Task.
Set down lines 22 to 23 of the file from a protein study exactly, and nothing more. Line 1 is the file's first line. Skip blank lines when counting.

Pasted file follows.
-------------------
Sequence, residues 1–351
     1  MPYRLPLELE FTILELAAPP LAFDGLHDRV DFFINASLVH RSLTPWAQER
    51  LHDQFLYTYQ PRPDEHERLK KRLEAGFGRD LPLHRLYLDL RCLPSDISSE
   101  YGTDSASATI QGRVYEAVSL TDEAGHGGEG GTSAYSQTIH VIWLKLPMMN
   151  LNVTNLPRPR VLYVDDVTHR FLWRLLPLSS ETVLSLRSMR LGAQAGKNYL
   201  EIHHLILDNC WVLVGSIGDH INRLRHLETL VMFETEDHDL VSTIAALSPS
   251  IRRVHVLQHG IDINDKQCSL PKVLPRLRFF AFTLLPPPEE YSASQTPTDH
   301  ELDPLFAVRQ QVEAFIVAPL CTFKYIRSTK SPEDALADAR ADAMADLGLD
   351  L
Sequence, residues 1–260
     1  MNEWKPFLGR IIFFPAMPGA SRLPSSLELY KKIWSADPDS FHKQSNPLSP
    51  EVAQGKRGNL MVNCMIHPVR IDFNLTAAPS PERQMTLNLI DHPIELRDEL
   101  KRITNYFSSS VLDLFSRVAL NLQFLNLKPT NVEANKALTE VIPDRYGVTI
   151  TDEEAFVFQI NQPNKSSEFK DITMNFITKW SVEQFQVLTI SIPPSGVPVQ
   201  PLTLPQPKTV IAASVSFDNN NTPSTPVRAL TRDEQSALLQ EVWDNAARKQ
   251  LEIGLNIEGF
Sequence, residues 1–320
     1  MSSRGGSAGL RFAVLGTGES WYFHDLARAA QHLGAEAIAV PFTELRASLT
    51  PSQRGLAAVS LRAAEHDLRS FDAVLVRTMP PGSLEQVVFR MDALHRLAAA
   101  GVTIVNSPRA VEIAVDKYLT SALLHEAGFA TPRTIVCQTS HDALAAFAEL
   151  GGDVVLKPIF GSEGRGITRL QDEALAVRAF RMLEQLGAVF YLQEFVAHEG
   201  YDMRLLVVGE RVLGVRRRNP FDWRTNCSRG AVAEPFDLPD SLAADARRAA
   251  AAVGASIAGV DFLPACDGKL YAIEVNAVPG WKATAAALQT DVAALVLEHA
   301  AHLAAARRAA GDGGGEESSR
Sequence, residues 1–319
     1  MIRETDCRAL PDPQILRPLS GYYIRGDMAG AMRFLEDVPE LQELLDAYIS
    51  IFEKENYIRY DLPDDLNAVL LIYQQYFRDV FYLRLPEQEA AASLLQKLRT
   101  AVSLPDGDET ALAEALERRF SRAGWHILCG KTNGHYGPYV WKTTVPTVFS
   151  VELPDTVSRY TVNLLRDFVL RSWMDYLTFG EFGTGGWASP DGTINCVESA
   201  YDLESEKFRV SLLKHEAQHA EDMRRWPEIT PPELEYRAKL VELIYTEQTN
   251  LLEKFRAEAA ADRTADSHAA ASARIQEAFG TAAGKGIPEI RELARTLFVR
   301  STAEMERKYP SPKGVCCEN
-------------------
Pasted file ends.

   201  YDMRLLVVGE RVLGVRRRNP FDWRTNCSRG AVAEPFDLPD SLAADARRAA
   251  AAVGASIAGV DFLPACDGKL YAIEVNAVPG WKATAAALQT DVAALVLEHA